Senior-Health-Update-Dan's-Wellness-Pharmacy-Newsletter-February-2015As you age, so do your eyes.  You might find that you have difficulty reading small print or that you need brighter lighting at your desk.  In addition, eye diseases that could lead to more-serious vision problems become more common with age.

Consider cataracts.  A cataract is a clouding of the normally clear lens of the eye.  Most cataracts develop slowly and don’t disturb eyesight early on.  At first, strong lighting and eyeglasses can help you deal with cataracts.  Eventually cataracts can interfere with your vision.  Left untreated, cataracts can lead to blindness.  However, even with advanced cataracts, vision can usually be restored with surgery.

Be sure to have regular checkups with your ophthalmologist so that any developing vision problems can be caught early.

Source: Mayo Clinic

Obstructive Sleep Apnea

What Is It?


Obstructive sleep apnea (OSA) occurs when the tissue in the back of the throat collapses during sleep.  This keeps air from getting into the lungs.  This is very common, because the muscles inside the throat relax as you sleep.  Gravity then causes the tongue to fall back and block the airway.  It can happen a few times a night or several hundred times per night.  These pauses in breathing briefly wake you up and disturb your sleep.  This can cause you to be very tired the next day.  People who are overweight are at a higher risk of having sleep apnea.

If you hare having daytime tiredness and feel you are not sleeping well for any reason, talk with your doctor about your symptoms and possible causes.  In some cases, a sleep study may be recommended.

Source: UCLA Sleep Disorders Center


Diabetes and Fungal Infections


The culprit in fungal infections for people with diabetes is often Candida albicans.  This yeast-like fungus can create itches rashes of moist, red areas surrounded by tiny blisters and scales.  Problem areas include moist folds of the skin, such as under the breasts, around the nails, between fingers, and toes, in the corners of the mouth, under the foreskin (in uncircumcised men), and in the armpits and groin.  Common fungal infections include jock itch, athlete’s foot, ringworm (a ring-shaped itchy patch) and vaginal infection that causes itching.  If you think you have a yeast or fungal infection, call your doctor.  These infections are treatable with medication.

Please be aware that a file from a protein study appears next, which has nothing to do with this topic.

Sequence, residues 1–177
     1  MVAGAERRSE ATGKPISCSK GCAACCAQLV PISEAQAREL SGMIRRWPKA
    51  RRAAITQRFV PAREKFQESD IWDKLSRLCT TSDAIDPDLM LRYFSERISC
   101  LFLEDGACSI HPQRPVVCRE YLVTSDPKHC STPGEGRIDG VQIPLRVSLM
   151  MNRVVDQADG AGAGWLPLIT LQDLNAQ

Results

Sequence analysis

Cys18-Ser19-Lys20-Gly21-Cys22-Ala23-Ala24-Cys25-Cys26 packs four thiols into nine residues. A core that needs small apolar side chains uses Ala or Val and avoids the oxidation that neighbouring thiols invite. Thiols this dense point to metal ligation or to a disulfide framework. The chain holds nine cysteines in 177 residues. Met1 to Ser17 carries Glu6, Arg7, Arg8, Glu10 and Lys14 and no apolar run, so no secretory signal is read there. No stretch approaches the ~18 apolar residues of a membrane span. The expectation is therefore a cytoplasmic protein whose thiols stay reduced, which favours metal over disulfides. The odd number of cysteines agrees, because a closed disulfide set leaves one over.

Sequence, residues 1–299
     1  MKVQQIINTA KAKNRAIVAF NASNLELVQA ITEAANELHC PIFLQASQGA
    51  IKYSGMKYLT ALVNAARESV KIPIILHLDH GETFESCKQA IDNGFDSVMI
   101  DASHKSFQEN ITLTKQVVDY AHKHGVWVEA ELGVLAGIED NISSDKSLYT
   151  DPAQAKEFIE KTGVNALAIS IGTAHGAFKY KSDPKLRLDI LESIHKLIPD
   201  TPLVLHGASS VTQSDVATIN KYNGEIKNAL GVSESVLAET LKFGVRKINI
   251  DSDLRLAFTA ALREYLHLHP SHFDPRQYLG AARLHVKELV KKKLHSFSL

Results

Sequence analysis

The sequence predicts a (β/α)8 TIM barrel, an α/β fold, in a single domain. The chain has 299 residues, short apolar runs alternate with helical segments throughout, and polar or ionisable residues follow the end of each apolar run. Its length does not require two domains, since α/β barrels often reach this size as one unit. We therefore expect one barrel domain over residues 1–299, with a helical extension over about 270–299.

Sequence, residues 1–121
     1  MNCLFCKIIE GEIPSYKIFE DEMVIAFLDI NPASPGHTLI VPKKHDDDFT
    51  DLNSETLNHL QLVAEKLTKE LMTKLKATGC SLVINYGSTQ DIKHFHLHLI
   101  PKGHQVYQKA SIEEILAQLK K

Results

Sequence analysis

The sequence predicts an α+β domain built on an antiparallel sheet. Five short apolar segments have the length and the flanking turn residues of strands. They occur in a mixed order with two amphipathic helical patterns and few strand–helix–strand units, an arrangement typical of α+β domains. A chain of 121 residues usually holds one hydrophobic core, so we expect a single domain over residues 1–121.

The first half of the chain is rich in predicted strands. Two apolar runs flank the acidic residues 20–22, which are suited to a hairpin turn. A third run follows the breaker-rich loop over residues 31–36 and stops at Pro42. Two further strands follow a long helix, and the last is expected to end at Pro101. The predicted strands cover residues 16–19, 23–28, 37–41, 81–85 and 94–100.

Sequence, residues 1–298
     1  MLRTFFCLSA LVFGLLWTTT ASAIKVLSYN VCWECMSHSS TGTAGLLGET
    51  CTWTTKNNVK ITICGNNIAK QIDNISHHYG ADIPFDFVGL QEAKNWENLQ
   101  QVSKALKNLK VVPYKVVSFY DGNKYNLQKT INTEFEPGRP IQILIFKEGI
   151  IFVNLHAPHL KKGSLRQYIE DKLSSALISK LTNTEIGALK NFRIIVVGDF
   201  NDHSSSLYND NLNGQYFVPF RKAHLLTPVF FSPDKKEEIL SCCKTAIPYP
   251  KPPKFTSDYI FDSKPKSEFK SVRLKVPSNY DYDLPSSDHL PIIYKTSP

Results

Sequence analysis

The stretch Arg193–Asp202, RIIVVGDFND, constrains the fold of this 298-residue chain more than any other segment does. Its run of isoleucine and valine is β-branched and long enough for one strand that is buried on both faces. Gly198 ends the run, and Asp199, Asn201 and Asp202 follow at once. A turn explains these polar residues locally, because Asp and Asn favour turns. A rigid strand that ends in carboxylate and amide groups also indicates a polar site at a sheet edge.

Source: American Diabetes Association

Your Child’s Cold

Try These Safe and Effective Treatments

Research has shown that cold and cough products offer little benefit to young children – and can have potentially serious side effects.  Cold and cough products for children under age 4 have been removed from store shelves.  So without these over-the-counter medicines, what’s the best way to treat your toddler’s cold?

Acetaminophen or ibuprofen can reduce aches and pains, and a cool mist vaporizer can help loosen congestion.  A simple bulb syringe and saline nasal spray can be used to clear stuffy noses.  Plenty of liquids, especially chicken soup, and rest also help children feel better.  Also, don’t underestimate the power of TLC.  Your loving care is one of the best medicines for your child.

-Source: American Academy of Pediatrics